Laura E Hall of 60 Minutes to Escape, presented her best practices for designing escape rooms and immersive environments at the Immersive Design Summit. I had a chance to talk with her about the unique affordances and differences between physical and digital escape rooms, as well as her broad range of experiential design inspirations ranging from multi-user dungeons, narrative-driven indie games, alternative reality games, immersive theater, and artist collective installations like Meow Wolf.

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Experiences mentioned in this podcast

Here’s the VR games and narrative experiences that I recommend checking out at the end:

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The Columbia University School of the Arts’ Digital Storytelling Lab has been conducting interactive storytelling experiments to create guidelines, rules, and structures for facilitating emergent and interactive stories through an open-ended, collaborative process. Interactive storytelling requires surrendering of complete control over authorship of the narrative, and it’s open question for how to best structure an experience that allows for full immersion, creative expression, and a balance of diverse participation.

lance-weilerI had a chance to talk with ColumbiaDSL co-founder and director Lance Weiler about their Sherlock Holmes & the Internet of Things project, the major principles that guide their experiential design process, how they’re using collaborative storytelling to examine and shape solutions to larger policy and ethical issues in a playful way.

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Columbia DSL’s immersive and interactive experience called Frankenstein AI will be showing at Sundance New Frontier later in January.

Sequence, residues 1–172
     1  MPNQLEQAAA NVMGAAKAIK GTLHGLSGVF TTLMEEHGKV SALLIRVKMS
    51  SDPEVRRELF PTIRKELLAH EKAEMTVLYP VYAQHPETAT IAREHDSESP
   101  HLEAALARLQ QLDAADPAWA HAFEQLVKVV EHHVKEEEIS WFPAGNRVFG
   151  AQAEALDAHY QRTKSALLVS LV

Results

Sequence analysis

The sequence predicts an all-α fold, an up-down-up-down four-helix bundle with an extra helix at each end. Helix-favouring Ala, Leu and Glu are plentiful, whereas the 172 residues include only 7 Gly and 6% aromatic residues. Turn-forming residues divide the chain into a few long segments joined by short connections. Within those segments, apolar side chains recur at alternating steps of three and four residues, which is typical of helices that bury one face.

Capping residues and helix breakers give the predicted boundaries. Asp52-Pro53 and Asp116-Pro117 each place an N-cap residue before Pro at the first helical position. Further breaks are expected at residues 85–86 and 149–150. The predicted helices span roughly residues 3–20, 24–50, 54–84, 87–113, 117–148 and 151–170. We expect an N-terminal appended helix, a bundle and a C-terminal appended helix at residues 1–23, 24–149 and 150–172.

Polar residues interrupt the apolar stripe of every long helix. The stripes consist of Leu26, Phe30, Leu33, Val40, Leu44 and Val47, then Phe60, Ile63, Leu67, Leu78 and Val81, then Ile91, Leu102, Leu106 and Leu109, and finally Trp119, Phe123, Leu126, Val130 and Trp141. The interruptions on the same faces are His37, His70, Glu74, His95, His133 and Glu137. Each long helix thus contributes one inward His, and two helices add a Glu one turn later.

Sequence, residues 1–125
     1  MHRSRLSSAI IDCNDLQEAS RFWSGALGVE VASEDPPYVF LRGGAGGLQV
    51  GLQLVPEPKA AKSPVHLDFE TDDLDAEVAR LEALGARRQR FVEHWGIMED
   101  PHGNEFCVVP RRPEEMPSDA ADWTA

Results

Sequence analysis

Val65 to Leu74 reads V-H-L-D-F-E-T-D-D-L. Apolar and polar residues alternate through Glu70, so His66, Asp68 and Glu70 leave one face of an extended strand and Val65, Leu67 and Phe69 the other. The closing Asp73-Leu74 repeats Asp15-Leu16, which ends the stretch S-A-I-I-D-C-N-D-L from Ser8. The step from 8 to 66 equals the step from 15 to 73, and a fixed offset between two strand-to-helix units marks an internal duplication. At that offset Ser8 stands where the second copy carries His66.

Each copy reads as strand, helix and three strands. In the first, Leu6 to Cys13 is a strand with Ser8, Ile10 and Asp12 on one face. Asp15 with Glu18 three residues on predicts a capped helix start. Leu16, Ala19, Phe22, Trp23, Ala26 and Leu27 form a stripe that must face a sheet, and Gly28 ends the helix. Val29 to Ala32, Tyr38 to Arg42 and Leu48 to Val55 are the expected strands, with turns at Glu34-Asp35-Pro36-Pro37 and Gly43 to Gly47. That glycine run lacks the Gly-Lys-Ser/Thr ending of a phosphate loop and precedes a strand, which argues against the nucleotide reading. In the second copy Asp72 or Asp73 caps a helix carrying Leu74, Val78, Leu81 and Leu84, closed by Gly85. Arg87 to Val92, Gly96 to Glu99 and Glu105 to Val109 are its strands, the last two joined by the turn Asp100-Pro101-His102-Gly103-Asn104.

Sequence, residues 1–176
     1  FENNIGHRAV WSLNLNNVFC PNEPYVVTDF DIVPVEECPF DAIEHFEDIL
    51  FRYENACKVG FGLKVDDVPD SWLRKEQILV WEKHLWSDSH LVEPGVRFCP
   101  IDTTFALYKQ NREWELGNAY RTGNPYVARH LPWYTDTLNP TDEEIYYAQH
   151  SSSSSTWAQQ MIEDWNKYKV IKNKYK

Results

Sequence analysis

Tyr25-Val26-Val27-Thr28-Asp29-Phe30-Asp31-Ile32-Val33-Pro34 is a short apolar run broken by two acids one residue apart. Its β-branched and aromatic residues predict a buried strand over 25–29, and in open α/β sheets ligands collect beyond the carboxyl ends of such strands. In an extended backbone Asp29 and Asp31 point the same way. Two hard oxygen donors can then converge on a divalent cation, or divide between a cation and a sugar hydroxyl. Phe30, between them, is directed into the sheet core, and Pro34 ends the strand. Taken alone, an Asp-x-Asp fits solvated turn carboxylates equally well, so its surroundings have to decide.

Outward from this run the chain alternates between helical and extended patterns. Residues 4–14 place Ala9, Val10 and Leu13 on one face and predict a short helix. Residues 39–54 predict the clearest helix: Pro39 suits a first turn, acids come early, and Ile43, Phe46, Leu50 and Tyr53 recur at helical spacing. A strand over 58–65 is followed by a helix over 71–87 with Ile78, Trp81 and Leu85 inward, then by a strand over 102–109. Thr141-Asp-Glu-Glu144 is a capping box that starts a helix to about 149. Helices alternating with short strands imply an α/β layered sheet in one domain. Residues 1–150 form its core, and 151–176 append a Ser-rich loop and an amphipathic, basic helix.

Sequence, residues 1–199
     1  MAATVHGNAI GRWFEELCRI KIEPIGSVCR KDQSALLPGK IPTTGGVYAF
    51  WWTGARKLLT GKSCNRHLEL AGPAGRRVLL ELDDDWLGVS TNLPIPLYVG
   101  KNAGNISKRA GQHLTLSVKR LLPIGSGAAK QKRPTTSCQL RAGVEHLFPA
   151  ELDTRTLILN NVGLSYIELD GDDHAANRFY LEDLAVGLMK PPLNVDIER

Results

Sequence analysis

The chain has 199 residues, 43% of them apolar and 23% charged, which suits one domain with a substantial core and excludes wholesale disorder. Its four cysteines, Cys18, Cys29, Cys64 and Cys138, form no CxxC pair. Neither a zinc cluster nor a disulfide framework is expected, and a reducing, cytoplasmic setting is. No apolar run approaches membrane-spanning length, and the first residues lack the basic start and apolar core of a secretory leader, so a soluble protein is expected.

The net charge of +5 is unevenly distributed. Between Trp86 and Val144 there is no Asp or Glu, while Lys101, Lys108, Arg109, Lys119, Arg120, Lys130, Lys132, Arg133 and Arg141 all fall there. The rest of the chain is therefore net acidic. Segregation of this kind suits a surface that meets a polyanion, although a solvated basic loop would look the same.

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zimtok5VRChat is becoming one of the top streamed VR game as different Twitch personalities like pokelawls, dyrus, greekgodx, and LIRIK and YouTube personalities Jameskii & Nagzz21 start to role play in virtual worlds, and then capture clips of candid and funny interactions that are shared on the LiveStreamFail reddit. It may be surprising to some that these types of open-ended and casual VR experiences are gaining such traction with the live streaming communities, but VRChat is providing an experimental virtual context for IRL streams, improv role playing, and storytelling types of experiences for streamers. Livestreaming is providing important insights into the future of interactive media, and the importance of personality, character, and environmental context for immersive storytelling.

At Oculus Connect 4, I had a chance to catch up with Twitch Streamer Zimtok5, who is a variety streamer focusing solely on VR. He talks about how some of the more casual experiences make for great streaming since you’re able to connect more with the audience, or provide a context for you to connect to the personality and character of the steamer. We also talk about streaming VR titles, what makes for a good streaming experience in VR, as well as some of his favorite experiences to play on stream.